Artist MoxyBrown addresses misconceptions about kinks, teaches consensual BDSM


Illustration by Lily Ogburn

Sex Week is organized by NU College Feminists. According to the former president of NUCF, Maia Smith, events like this encourage people to explore their kinks and empower people to embrace their sexuality.

Kristen Axtman, Assistant Campus Editor

Multimedia artist and professional dominatrix MoxyBrown led a workshop Monday destigmatizing kinks. The event kicked off Northwestern Sex Week, a series organized by NU College Feminists.

MoxyBrown discussed the history of kinks, dismantling common misconceptions and advised  on how to create a safe and consensual sex scene. She brought sex toys to her talk: a vinyl tape, paddles, rope and an electro clay –– a tool that transmits small electric shocks. 

“Kink moves beyond traditional ideas about sex to explore the edges of eroticism. It covers BDSM, kinky sex, dominancy, submission, roleplay, sex games, fantasies, fetish and other alternative erotic expressions,” MoxyBrown said, quoting one of her favorite sex educators, Tristan Taormino. 

MoxyBrown said kinks are a natural way to express identity. They said people engage in BDSM because of positive brain activity –— people find enjoyment in being pushed to the limit — and explore power dynamics. 

According to MoxyBrown, there are three pillars to exploring kinks: consent, negotiation and safety. She said a part of consent is that a person can retract it at any time, and all parties need to understand that. 

“Negotiation should be an actual conversation,” they said. “It should be, ‘Hey, these are actually my fears about safety.”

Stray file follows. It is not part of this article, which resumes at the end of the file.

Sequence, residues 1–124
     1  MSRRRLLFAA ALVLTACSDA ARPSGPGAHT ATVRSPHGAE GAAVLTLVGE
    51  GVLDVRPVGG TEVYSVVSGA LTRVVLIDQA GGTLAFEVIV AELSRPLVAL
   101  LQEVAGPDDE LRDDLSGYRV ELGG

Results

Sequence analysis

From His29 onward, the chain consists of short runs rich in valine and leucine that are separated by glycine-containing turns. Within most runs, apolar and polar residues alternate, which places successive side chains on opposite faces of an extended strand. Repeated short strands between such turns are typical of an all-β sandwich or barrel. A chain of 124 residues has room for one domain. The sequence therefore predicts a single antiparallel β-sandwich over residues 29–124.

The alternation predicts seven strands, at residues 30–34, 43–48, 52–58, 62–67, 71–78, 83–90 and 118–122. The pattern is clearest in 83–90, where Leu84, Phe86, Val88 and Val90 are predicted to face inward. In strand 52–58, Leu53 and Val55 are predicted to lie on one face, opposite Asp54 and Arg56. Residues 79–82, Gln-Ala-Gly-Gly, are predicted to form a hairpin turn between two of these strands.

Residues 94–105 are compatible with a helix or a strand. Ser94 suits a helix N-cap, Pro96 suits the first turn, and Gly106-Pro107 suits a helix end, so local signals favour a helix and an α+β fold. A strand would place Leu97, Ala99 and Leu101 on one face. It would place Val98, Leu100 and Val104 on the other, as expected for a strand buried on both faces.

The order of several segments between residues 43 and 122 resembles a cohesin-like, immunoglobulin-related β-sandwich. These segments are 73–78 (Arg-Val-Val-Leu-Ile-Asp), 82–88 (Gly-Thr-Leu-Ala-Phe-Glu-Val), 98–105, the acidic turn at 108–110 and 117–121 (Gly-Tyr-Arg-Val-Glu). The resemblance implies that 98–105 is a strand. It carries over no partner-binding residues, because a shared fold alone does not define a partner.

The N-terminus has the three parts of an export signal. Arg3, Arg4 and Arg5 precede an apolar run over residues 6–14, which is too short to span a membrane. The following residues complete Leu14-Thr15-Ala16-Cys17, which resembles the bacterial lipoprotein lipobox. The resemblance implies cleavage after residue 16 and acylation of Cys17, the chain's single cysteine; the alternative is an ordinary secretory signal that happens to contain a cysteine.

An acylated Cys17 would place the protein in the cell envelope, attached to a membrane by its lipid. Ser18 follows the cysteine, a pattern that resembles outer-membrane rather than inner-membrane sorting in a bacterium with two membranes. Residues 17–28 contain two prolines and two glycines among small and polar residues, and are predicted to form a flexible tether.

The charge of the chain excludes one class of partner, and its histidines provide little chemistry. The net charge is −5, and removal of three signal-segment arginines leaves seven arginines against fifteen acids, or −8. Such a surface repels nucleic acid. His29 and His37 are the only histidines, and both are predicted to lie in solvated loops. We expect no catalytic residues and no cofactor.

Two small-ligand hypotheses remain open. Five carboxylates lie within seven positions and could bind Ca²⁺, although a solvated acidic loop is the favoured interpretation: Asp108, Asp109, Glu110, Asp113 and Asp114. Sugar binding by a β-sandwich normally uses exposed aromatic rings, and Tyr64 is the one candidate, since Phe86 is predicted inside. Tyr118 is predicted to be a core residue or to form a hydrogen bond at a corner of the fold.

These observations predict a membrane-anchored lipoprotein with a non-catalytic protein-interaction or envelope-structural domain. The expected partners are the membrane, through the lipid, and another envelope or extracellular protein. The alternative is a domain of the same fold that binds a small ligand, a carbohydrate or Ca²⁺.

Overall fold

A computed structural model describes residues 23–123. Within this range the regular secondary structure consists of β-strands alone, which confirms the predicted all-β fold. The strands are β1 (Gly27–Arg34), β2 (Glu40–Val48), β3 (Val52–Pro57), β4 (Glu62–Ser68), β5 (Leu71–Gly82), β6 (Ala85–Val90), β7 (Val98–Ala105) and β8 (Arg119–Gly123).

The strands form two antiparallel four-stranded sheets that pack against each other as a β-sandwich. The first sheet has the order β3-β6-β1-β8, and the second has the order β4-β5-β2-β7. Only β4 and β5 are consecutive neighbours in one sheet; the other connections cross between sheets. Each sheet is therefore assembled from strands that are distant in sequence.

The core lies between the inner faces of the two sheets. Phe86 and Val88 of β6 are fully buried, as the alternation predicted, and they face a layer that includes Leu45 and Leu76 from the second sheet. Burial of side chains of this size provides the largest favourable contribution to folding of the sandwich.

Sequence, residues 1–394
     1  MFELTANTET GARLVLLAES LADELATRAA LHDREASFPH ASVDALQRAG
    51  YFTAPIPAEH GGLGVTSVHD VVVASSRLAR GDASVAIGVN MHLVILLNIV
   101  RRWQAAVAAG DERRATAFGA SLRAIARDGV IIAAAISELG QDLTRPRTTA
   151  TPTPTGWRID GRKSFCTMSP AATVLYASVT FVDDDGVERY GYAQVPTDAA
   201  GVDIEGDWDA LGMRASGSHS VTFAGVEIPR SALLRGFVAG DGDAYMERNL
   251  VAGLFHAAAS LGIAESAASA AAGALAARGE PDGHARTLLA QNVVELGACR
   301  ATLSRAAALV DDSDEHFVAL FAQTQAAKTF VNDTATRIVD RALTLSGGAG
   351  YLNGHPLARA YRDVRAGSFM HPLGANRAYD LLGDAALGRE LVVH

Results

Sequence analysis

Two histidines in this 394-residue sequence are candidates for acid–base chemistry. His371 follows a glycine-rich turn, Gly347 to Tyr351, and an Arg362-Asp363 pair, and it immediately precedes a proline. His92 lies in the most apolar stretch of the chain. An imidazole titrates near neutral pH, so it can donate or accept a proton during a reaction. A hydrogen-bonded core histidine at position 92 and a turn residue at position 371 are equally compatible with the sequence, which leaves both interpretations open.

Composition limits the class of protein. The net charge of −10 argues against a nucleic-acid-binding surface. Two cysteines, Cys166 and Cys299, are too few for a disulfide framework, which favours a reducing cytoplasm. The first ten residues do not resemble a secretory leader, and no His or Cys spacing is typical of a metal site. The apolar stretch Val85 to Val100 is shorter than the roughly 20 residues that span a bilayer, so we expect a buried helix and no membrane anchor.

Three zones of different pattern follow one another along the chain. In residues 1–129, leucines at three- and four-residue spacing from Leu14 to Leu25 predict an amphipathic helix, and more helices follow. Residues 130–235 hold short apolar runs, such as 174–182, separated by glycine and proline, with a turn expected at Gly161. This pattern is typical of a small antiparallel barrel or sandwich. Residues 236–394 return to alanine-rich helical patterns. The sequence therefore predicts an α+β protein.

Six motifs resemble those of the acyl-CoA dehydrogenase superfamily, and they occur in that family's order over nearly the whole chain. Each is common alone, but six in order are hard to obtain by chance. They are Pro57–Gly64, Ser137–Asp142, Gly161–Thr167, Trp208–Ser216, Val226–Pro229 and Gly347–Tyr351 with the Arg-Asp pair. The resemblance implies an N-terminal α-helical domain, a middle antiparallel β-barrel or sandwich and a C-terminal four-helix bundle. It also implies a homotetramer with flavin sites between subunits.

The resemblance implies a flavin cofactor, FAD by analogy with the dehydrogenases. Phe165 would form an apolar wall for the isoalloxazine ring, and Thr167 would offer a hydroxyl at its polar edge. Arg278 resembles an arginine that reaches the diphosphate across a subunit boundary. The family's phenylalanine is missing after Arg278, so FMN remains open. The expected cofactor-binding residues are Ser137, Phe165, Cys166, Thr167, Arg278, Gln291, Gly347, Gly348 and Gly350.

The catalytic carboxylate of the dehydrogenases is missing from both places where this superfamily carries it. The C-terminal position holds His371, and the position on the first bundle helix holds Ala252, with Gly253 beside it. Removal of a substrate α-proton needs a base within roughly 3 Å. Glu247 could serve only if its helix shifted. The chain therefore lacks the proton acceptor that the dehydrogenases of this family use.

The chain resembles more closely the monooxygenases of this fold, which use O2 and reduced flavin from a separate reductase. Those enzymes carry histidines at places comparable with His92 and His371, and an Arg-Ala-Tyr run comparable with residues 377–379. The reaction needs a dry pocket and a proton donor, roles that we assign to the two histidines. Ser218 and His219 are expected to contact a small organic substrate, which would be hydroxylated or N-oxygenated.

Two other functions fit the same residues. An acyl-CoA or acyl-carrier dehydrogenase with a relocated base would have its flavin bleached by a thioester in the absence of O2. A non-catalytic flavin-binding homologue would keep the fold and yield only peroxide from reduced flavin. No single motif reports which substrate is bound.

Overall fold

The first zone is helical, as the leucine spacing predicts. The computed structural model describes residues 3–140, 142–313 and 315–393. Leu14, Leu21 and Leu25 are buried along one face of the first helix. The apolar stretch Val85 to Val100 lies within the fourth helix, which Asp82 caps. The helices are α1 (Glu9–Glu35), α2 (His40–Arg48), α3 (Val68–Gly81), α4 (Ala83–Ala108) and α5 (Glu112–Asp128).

To reduce risk while practicing kinks, MoxyBrown said people must choose a safe word or signal. Safe words, she said, help indicate when something is going too far for a person’s comfort level. 

MoxyBrown said practicing kinks requires gathering sex tools, learning information about potential risks and keeping it simple. 

“It’s a mindset practice,” she said. “So that’s why we can be so individualistic and customizable.”

They added anyone can practice kinks, despite the lack of representation in movies like “Fifty Shades of Grey,” which stars a cis white man and woman. 

She said the mainstream media tends to ignore marginalized races and gender identities, queerness, neurodivergence, and lower income people when representing kinks. Referencing the Netflix show “How to Build a Sex Room,” they said you do not need to afford a $25,000 sex room to practice BDSM.  

Another misconception is that people practice kinks because of past trauma, she added. 

“Kink (does not) indicate that something is wrong with you,” they said. “Your kink, or any type of play, or any type of fantasies you’re having do not have to be related to trauma.”

MoxyBrown handed out “Yes, No, Maybe” sheets to the audience, which contained a list of kinks. She encouraged the audience to reflect on which they might want to explore. 

Weinberg senior Manny Buendia said he came to the event after hearing about it on Fizz, an anonymous social networking app. Buendia said he did not know much about kinks and wanted to learn more. 

“I felt very comfortable,” he said. “I appreciated that it was a very safe space.” 

Weinberg junior Maia Smith, former president of NUCF, said she appreciated that MoxyBrown did not make BDSM seem like an “outlandish” activity.

Smith also said Northwestern Sex Week will host a raffle, informative sessions and free food later this week. 

“There’s a lot of stigma around sex, and I think making people feel more comfortable about it, and learning more about it in lessons like this, empowers people to embrace their sexuality while also doing it safely,” Smith said. 

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Twitter: @KristenAxtman1

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